How do you top being part of the world’s largest fireworks display ever, a Guinness World Record no less, a display that launched over 500,000 fireworks in just over 6 minutes to a crowd of over a million people along 60 miles of coastline in Dubai? Wouldn’t any other display after that seem rather lame by comparison? Such is the life of John Sagaria. What most pyrotechnic professionals’ dream of doing, he is currently living. Whether it is winning an international fireworks competition in Hamburg, rubbing elbows with the rich and famous while shooting elaborate displays at the Atlantis “The Palm” Hotel, or wiring a pyrotechnic extravaganza in Trinidad, John Sagaria is truly a pyro’s pyro. In short, if there is a pyrotechnic “Greatest Show on Earth” being designed or fired anywhere, John Sagaria is probably in the thick of it.
John was born in the Bronx in New York in 1966 and graduated from high school in Rockland County. He still lives and works out of New York, but his pyrotechnic expertise now takes him all over the world. In addition to being in high demand for his pyrotechnic creativity and expertise, John is also the owner and CEO of Fireworks Extravaganza (fwextravaganza.com) which creates a wide variety of displays for an equally wide variety of audiences. From backyard weddings to Super Bowl stadiums, John designs, wires and displays them all. Oh, did I also mention he’s an Apple dealer/expert in New York as well? Yes, in addition to everything else, John is the CEO of Information Technology Corporation (ITC) where he is an Apple-certified computer specialist (Infotechcorporation.com). Honestly, does this man ever sleep?
John says his uncles were the ones who first introduced him to fireworks when he was a child. Every 4th of July John would watch his uncles shoot fireworks to celebrate the 4th of July (which wasn’t easy since fireworks were then and still are illegal in New York). His first personal fireworks purchase was a brick of firecrackers that cost him around $15 (11€). Then he spent $45 (32€) on his first bag of fireworks. “I was so happy,” he said, “I didn’t even care that I had been ripped off.” By the time he was in high school, his fascination with fireworks had escalated, and so had the amount he was willing to spend. He remembers his father not being happy about his son spending $475 (344€) of his money on illegal fireworks and having a truck unload 10 cases in front of their house.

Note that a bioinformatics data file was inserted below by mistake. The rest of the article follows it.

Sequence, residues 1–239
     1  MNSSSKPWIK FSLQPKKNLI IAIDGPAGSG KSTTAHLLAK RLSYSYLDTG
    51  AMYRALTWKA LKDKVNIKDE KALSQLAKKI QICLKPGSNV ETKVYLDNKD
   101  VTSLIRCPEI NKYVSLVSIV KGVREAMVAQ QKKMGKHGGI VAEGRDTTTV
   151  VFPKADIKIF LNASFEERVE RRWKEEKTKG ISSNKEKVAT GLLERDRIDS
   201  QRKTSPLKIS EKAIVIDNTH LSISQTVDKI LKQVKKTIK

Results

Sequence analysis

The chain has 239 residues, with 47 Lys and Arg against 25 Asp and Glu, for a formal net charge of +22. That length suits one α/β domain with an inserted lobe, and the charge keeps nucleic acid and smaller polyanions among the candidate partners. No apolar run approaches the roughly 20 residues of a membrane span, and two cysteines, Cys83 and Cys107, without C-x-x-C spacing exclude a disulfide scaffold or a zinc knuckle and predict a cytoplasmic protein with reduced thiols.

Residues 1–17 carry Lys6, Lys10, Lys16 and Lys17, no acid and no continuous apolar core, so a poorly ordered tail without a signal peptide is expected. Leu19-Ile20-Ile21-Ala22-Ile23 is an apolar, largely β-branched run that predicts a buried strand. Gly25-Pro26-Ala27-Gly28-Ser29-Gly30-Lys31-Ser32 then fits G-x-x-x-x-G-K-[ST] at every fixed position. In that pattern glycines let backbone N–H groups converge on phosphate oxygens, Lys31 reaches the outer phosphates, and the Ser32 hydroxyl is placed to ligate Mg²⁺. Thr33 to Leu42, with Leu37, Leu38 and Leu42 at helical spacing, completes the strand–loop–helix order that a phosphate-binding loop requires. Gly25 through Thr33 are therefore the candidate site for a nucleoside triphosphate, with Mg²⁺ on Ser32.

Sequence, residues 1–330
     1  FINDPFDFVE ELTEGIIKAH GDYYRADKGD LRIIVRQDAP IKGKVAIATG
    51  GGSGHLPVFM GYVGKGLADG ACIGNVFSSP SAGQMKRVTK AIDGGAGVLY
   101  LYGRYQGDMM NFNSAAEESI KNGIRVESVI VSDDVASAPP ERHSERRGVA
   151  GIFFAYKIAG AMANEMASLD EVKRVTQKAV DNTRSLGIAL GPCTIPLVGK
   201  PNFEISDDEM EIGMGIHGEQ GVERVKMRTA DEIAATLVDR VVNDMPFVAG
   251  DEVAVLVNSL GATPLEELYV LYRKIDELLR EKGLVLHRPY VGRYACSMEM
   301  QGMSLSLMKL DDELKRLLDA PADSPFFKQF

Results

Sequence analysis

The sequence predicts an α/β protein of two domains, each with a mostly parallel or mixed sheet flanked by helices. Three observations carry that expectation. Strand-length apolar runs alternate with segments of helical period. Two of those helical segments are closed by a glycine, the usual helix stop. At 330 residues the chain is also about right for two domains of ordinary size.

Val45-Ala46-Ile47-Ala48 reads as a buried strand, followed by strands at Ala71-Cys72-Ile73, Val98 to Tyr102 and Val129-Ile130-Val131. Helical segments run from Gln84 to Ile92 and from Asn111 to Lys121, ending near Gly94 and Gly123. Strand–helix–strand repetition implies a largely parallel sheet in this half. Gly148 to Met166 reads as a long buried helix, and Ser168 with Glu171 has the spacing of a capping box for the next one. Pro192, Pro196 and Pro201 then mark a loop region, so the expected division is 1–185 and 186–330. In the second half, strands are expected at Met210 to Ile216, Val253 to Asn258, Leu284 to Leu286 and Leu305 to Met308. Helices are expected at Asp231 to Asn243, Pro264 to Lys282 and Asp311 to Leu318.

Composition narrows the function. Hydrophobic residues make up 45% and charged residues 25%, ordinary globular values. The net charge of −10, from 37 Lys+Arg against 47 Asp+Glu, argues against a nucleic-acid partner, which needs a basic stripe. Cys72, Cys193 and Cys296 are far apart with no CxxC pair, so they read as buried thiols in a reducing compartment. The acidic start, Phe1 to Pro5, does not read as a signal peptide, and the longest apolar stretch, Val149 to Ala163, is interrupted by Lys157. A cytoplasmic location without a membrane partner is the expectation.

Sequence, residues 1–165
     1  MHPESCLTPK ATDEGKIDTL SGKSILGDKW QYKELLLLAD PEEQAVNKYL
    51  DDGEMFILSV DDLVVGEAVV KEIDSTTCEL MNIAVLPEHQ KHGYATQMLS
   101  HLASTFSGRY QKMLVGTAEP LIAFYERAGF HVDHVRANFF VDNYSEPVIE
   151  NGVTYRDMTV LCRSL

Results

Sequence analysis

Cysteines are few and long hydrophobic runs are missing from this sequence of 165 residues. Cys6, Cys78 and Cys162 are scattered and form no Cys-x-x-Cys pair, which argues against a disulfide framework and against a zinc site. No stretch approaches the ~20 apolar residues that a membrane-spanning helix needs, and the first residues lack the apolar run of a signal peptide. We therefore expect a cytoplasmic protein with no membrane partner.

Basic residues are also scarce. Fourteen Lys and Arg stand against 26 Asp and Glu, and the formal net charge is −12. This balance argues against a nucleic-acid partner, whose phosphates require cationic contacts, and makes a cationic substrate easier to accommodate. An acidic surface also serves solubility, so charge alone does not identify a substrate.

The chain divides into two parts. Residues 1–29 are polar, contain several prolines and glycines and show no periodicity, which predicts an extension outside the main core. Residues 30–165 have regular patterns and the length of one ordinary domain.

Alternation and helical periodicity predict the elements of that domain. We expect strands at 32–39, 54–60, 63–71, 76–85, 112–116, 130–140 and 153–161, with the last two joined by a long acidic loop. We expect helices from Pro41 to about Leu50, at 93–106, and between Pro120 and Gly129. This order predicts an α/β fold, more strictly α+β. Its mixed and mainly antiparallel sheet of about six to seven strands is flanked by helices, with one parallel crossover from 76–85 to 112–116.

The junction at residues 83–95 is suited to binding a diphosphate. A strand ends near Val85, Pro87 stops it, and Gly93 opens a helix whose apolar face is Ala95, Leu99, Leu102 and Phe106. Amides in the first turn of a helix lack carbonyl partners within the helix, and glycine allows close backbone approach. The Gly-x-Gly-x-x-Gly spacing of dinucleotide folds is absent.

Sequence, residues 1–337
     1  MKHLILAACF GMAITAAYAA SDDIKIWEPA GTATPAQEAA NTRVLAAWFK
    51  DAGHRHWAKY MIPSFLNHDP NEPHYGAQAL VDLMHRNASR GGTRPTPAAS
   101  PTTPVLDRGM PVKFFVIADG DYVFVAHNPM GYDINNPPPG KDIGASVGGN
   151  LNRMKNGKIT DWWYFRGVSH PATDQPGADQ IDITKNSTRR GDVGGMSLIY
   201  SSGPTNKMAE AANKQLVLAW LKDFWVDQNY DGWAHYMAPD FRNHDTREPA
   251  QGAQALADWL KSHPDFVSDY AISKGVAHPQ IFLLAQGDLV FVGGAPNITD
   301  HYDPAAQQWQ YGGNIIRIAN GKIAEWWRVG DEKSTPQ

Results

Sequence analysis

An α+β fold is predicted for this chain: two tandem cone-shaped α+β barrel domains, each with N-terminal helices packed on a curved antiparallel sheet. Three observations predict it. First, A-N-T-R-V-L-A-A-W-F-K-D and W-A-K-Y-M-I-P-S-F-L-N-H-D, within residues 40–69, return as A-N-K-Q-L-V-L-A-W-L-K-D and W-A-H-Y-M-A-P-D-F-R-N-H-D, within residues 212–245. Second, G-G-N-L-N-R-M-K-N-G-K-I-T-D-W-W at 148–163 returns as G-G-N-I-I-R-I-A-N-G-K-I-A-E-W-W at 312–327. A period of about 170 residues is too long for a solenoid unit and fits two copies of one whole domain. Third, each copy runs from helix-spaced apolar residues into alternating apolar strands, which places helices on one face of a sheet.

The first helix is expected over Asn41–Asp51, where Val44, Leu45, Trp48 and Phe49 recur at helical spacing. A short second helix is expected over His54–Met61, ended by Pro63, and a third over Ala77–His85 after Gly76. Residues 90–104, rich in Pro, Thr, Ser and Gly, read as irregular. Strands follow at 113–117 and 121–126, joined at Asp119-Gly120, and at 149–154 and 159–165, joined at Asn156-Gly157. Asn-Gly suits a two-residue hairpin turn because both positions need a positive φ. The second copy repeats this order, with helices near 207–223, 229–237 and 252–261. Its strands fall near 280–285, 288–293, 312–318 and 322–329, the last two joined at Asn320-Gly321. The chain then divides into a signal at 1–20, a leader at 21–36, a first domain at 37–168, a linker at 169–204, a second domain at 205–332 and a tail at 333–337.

In 1989, John obtained his ATF license and was firmly on his way to creating professional-quality shows. “Back then,” he says. “you didn’t need storage space, so I kept my fireworks in my office.” John’s first formal training with fireworks came from Vitale Fireworks in 1992. After completing his first class he was asked to shoot at the Mocatek Speedway in the Poconos, Pennsylvania. It was his first career shoot and he hand-fired it! In 1997, at the PGI convention in the Amana Colonies in Iowa, John was introduced to the incredible possibilities of computerized firing. It was there he got to watch Ken Nixon and Jack Harvey (working with Pyrodigital) perform a “Dreams” segment during a public display. Up to this point, it was the best show John had ever seen.
The following year, John did some fancy trading and managed to get ahold of a small FireOne™ 8-wire system with 10 modules and did several test shows. His first computerized professional FireOne™ show came in 1999 in Lancaster and Lititz, Pennsylvania on July 2nd and 3rd. He did it from the rooftop of a parking garage, and it was going well until it started to rain. John learned two important lessons that day: One, FireOne™ is not waterproof; and two, it is critically important to carry backup equipment.
“Sometimes I get a bigger reaction from a $4.00 strobe than from shells that cost me hundreds of dollars.”
The way John works now is rather unique. Instead of selling show directly to customers, John works for display companies. More than 15 display companies have used his services since he began. Sometimes John does everything from picking out the music tracks, to editing the program and orchestrating the “feel” of the show itself. Often he picks products from the display company’s inventories, but he may also set up his own show, pick his own fireworks and use his own crew.
When doing shows, John says, the important thing is to “think small.” He reminds us that even a 16-inch shell is made up almost entirely of small stars. “Having the best show doesn’t always mean having huge shells,” he says. “Sometimes I get a bigger reaction from a $4.00 strobe than from shells that cost me hundreds of dollars.”
John has produced award-winning shows for Shogun/Vulcan, and also for Dancing and Dominator. He travels to China regularly and thoroughly enjoys working directly with the factories there. John has also shot factory demos for Chinese companies at NFA conventions. He shot demos for Shogun/Vulcan in 2007, for example. These turned out to be high-pressure shows though, because he had to show off new products and produce a show in such a way as to generate sales.
Overall, John feels you can put together a wonderful fireworks show from almost any pool of materials. “Honestly, great design and choreography can make a great show in spite of mediocre product,” John says confidently. “You can use a variety of small devices in unison over a large area and create a display that looks spectacular.”
“Also important: test, test, test! Never use material in a choreographed show you haven’t thoroughly tested. You need to know everything precisely about the fireworks you’re using; especially their height and timing. Measure the site, too, and keep in mind the size of the shells you are using.”
“The ultimate goal,” John emphasizes, “is to make your fireworks display look like the sky is nothing more than a giant canvas. Fireworks are truly an art form, and we are the artists.” •